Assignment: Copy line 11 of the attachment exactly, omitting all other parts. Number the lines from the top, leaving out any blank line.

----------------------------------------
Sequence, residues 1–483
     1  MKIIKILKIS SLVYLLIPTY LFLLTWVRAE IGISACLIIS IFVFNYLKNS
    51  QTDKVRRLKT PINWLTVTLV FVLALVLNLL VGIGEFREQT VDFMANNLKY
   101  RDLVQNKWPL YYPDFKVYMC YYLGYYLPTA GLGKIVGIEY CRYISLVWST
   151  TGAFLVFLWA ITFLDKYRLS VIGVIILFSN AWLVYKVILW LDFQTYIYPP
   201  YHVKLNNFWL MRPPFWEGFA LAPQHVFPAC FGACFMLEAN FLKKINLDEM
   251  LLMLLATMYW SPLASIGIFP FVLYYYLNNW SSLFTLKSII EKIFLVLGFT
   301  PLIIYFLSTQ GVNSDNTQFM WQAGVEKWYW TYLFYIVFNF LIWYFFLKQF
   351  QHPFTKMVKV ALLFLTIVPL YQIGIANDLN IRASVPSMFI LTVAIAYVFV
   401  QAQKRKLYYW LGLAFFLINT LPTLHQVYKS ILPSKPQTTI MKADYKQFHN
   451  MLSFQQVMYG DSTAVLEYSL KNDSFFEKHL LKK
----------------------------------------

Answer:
   451  MLSFQQVMYG DSTAVLEYSL KNDSFFEKHL LKK